University editorial board: students 'don't need' to study America's founding documents
- South Carolina has been pressuring USC to follow an old law that requires the teaching of the U.S. Constitution and other founding documents.
- The Daily Gamecock's editorial board argues that a class on America's founding documents is unneeded and financially burdensome.
- USC President Harry Pastides has argued the law is archaic and needs to be updated to match modern governance and regulatory structure.
The student editorial board of University of South Carolina’s (USC) Daily Gamecock argued this week that “[w]hile knowledge of our country’s founding documents is undoubtedly a good thing to have [. . .] most students don’t need it.”
The South Carolina legislature recently began pressuring USC over an old law that requires universities to teach the provisions and principles of the Constitution, Declaration of Independence, and Federalist Papers, as well as “the study of and devotion to American institutions and ideals.”
The editorial board argues that “[s]tudents who are pursuing a field outside political science or journalism won’t necessarily need to know about these documents to the extent that the class would be aiming to teach them” and that the class “could hurt a studen’ts GPA when it isn’t even that central to their degree.”
Authors of the editorial, published in The Daily Gamecock seem most concerned about financial consequences amid rising tuition.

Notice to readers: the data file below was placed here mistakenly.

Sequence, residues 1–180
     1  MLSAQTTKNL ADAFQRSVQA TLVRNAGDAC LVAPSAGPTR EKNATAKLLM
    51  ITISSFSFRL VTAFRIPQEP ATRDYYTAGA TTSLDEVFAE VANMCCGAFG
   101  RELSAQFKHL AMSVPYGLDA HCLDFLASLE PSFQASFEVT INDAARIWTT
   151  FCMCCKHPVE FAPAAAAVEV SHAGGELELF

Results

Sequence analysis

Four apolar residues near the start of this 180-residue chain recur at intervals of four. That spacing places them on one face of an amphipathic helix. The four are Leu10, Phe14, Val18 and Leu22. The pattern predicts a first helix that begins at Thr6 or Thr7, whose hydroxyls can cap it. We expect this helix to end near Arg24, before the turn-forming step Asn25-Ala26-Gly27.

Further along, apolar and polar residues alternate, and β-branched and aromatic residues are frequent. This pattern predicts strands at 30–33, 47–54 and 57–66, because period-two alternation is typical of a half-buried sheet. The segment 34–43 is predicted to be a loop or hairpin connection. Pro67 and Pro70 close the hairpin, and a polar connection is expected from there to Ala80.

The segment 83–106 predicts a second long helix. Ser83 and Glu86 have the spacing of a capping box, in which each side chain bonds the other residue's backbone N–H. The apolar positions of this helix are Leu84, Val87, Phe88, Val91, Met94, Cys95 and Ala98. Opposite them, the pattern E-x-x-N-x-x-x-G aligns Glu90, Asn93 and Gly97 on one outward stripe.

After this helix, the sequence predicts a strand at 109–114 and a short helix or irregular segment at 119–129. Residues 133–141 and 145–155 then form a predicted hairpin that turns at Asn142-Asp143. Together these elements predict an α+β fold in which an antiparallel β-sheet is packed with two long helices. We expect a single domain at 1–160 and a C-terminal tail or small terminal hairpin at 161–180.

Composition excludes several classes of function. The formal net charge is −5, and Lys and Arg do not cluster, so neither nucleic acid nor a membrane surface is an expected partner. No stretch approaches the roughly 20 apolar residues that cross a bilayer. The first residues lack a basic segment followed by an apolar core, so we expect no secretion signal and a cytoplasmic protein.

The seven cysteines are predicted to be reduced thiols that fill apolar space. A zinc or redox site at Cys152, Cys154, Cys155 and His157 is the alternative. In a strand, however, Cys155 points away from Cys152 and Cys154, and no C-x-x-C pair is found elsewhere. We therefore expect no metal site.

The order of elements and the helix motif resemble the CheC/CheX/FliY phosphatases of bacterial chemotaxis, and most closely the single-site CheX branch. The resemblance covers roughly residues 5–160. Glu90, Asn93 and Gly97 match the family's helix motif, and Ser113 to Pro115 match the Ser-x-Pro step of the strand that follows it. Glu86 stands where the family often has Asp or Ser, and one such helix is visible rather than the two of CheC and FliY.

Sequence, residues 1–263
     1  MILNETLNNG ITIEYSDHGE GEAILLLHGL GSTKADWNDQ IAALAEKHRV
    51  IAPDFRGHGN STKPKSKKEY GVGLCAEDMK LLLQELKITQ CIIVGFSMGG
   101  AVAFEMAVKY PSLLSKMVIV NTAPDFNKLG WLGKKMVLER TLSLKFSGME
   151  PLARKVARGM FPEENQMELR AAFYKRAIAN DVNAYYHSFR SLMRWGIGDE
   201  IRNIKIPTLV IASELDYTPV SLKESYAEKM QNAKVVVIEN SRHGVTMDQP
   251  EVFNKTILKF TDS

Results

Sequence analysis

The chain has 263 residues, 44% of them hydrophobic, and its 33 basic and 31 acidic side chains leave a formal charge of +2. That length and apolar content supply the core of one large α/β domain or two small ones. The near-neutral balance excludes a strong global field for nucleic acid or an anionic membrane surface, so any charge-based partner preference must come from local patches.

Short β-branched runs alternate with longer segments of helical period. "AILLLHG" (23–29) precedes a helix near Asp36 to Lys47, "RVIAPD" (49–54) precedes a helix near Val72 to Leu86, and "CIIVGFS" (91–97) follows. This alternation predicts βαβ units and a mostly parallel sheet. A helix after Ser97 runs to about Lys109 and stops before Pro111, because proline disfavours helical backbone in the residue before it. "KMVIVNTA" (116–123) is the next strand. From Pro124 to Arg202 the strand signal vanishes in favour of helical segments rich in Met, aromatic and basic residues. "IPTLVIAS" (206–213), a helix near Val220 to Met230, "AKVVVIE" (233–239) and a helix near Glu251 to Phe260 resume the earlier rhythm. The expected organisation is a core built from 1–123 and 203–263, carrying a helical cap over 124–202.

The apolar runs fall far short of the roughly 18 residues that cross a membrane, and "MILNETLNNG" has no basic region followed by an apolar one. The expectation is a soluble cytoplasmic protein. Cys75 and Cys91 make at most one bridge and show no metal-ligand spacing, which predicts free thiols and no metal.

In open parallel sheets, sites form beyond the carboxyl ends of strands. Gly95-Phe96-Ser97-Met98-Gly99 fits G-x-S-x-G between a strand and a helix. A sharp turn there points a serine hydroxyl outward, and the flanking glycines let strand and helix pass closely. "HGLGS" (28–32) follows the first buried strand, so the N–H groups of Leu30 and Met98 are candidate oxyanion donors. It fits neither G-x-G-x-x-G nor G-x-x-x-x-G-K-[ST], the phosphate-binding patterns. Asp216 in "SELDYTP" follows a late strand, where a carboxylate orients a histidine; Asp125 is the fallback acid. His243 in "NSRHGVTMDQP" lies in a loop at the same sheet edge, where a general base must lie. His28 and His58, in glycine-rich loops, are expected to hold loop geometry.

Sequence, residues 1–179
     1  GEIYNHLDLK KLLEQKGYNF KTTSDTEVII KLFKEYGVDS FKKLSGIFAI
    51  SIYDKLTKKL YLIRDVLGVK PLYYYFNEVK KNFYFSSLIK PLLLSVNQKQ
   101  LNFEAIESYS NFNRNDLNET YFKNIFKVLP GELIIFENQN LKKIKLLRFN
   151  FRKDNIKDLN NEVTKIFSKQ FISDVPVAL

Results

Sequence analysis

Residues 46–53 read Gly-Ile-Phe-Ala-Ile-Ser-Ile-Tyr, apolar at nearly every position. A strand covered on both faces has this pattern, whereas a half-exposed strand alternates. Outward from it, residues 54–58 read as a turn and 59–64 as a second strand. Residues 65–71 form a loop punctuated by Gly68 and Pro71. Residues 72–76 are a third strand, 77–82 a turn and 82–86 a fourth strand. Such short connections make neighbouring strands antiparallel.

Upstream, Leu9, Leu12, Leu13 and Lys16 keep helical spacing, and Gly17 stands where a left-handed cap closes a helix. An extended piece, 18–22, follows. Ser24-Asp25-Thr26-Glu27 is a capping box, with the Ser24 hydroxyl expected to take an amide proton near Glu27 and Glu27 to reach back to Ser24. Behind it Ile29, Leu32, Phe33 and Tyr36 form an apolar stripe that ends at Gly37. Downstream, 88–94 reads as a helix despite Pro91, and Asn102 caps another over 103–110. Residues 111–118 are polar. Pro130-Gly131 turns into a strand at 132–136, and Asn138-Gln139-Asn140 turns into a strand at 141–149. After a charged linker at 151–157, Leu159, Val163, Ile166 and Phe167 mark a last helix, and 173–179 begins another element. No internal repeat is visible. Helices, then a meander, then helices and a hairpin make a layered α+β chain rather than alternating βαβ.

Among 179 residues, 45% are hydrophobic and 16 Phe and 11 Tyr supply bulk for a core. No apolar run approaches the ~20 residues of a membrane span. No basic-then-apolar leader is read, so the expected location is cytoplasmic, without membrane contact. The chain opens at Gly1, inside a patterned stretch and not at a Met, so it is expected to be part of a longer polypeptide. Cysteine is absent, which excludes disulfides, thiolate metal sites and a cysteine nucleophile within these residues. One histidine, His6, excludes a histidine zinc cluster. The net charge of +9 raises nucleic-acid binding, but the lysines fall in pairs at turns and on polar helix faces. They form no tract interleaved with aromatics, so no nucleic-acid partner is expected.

“If the state is going to require that something be done, it’s only fair that they give us the funding for it,” the editorial says.
“Telling USC that we have to add on another class, with all the including expenses, without giving us any money to do so is like telling someone who never learned how to swim that they have to cross Lake Murray or face retribution,” the editorial board wrote. “It’s borderline ridiculous to make something required by law and not provide the funds to do so, thereby forcing us to drain our own resources.”
A pair of South Carolina schools already have such provisions. Legislators cut funds from the College of Charleston and University of South Carolina-Upstate after they became aware of mandatory pro-LGBT readings. That funding was later reallocated to fulfill the law regarding the teaching of the Constitution.
According to the editorial, USC President Harris Pastides recently came under fire for calling the law “archaic,” and Vice Provost Helen Doerpinghaus said that USC follows the spirit of the law by handing out pocket constitutions on Constitution Day.
The editorial board says that students have been learning about the Constitution “since we were in the first grade,” and argue that the class should be an elective “so that people who don’t need it or have already taken a similar class don’t need to be saddled with it.”
“The truth is, if a Schoolhouse Rock song can cover a subject, it isn’t necessary in a college curriculum,” the board wrote.
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